Moral Mondays: “Spare the rod, spoil the child”

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Mr Carson believed in not sparing the rod. Every night you’d hear him dishing it out to his sons Paul and Steve.

He’d been brought up the same way and thought himself an ok sort of guy and he wanted the same for his sons.

They bore it all until they were teenagers when they rebelled and forced their father to stop the nightly ritual.

Mr Carson was devastated; he argued with his sons that it was for their benefit.

In old age he wondered why his sons ignored him. They never visited, never called, never invited him, anywhere.

 

Written for: https://moralmondays.wordpress.com/2016/05/29/moral-mondays-spare-the-rod-spoil-the-child/

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14 Responses to Moral Mondays: “Spare the rod, spoil the child”

  1. weebluebirdie says:

    I know a family of six; the youngest cut himself off 35 years ago, and this is why.

    • Michael says:

      Yes its sad isn’t it. I was a father of six, their mother believed in the moral, I didn’t, my kids talk to me, we have a lot of interaction, with their mother they have very little.

  2. Lyn says:

    Kids not only need boundaries, they feel safer with them. Kids need discipline, but they don’t need cruelty. I remember receiving the business end of a razor strop when I was a kid. It didn’t make me a better person because there was no justice involved.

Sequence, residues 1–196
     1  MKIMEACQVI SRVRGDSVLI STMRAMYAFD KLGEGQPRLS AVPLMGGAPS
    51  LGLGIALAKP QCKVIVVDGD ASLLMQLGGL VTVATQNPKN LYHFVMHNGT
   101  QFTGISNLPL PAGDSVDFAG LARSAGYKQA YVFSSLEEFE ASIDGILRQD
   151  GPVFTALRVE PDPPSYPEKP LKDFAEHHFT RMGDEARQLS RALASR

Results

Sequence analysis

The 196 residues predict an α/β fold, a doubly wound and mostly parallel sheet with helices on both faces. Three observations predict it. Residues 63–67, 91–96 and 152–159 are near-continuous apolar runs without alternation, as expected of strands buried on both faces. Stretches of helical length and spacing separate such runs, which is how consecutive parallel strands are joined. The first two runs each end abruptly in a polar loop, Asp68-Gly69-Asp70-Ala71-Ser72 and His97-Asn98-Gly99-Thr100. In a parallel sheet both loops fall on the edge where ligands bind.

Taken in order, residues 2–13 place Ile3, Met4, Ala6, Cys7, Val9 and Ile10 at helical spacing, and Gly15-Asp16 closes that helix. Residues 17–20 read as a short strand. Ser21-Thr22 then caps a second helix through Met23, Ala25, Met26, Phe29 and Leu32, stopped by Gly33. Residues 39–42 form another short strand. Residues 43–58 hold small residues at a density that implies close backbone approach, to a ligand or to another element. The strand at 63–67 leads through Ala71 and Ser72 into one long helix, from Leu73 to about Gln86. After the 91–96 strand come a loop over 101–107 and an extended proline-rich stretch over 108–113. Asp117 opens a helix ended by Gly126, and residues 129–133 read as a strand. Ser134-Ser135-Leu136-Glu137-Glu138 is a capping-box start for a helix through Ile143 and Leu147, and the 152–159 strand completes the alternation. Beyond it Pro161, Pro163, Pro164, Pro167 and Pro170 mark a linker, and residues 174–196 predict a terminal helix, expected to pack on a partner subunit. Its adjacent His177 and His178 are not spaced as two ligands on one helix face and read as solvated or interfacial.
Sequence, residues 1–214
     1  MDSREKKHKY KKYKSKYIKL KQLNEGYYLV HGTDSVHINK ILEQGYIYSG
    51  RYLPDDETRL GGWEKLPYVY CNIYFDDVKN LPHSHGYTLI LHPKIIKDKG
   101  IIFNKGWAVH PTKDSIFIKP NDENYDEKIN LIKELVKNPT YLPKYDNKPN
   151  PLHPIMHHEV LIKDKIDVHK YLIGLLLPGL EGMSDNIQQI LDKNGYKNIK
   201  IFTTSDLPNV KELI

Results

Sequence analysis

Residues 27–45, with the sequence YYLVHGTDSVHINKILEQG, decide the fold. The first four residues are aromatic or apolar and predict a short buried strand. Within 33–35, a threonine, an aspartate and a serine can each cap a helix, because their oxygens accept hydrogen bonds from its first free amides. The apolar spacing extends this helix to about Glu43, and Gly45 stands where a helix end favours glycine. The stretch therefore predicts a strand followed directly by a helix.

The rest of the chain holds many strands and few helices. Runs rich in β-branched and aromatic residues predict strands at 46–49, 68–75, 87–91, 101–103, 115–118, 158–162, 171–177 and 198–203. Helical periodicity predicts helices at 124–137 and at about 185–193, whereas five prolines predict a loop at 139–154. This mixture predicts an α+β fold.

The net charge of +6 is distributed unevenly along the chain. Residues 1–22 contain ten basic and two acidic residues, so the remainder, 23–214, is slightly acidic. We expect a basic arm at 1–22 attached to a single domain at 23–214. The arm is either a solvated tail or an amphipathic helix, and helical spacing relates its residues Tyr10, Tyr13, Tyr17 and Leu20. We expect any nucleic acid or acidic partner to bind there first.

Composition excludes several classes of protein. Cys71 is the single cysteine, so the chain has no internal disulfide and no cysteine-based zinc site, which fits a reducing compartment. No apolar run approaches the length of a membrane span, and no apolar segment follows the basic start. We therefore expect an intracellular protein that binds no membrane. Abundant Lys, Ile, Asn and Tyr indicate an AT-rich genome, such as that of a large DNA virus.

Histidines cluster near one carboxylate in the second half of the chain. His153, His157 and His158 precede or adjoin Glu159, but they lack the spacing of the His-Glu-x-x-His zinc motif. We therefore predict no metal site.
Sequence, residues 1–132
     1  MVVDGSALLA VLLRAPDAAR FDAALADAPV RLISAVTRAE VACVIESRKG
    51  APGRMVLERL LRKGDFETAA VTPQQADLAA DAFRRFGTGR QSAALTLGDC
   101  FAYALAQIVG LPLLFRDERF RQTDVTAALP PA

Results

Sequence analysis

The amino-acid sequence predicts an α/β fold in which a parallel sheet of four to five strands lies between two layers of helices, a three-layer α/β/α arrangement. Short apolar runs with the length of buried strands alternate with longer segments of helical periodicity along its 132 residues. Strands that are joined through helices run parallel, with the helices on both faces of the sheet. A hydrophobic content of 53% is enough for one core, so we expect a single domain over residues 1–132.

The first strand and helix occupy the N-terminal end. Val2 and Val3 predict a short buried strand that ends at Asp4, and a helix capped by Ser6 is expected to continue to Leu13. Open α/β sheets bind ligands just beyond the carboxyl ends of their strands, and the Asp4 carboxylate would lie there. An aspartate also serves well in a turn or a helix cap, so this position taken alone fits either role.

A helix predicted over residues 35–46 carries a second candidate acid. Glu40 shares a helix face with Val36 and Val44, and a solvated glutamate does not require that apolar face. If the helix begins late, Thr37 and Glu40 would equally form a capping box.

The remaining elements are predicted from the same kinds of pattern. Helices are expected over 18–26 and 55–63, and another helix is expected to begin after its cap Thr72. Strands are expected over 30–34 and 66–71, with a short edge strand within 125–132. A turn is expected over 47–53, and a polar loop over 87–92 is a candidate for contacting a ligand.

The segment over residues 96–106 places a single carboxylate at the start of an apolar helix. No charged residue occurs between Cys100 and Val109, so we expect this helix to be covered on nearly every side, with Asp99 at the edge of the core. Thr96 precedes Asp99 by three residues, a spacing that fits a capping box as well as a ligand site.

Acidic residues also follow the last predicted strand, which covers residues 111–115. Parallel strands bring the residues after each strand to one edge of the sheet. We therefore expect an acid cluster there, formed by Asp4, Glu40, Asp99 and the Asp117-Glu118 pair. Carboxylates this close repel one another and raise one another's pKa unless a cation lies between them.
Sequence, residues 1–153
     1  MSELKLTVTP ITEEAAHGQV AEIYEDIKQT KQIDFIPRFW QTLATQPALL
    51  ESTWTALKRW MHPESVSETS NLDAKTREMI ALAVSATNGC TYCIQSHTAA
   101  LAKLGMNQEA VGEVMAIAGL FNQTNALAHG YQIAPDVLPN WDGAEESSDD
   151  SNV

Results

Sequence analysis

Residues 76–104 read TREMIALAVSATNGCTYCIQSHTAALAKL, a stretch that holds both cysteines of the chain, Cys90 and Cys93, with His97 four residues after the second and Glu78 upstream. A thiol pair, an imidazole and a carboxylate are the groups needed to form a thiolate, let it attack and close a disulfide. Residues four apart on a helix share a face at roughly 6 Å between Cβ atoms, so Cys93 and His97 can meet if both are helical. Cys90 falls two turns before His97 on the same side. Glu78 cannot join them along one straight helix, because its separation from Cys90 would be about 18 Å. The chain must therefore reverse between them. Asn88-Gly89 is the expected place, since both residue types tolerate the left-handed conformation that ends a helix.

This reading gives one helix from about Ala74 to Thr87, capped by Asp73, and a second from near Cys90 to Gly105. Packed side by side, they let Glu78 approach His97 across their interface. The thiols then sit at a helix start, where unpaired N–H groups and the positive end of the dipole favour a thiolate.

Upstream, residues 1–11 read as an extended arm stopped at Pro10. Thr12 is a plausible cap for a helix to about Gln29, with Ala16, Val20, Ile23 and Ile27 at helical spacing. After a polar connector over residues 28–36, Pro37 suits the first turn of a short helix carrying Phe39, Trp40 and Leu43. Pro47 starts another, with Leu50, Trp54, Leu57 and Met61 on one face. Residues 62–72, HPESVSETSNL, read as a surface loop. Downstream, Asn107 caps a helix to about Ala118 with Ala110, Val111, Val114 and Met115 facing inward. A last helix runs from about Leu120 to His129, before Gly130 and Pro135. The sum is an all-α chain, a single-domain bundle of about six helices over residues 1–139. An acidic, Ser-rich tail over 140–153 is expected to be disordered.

On a lighter note, I remember hearing the story about the new matron at a smallish hospital. The head doctor showed her around the maternity ward and pointed out a tiny, sickly little premie and said proudly, “This is our first baby born through artificial insemination.” The matron harrumphed and replied, “Well, if that doesn’t prove the saying ‘spare the rod and spoil the child’ I don’t know what does!” 😮

  3. Soul Gifts says:

    Boundaries yes, limits yes, rod – no.

  4. Sonya says:

    “He’d been brought up the same way and thought himself an ok sort of guy and he wanted the same for his sons.” Great line, it tells so much about the character. He doesn’t mean to be cruel, but he doesn’t know any different and he never took the time to think about whether it’s right or wrong. Nicely done!

    • Michael says:

      Thanks Sonya, so many men especially of my dad’s vintage had only their fathers as role models. Thankfully my dad was able to mellow as he aged and saw other ways of being a dad.

  5. mandibelle16 says:

    Sad story. He confused loving with beating his boys. Shows the moral well.

  6. Nortina S. says:

    A very compelling story. It sounds like the father meant well, but maybe he wasn’t adequately taught the significance of discipline. Instead, he took a very common understanding that he grew up with and made it way too literal, and for that, his family suffered. Great writing!

  7. That’s a sad ending. An abusive father will not have sons who love him.

    I wrote a fable called “The Lying Wolf.” If you would like to read it, I am open to any feedback: https://christopherjohnlindsay.wordpress.com/2016/06/25/the-lying-wolf/

Please feel free to comment, I appreciate your thoughts.

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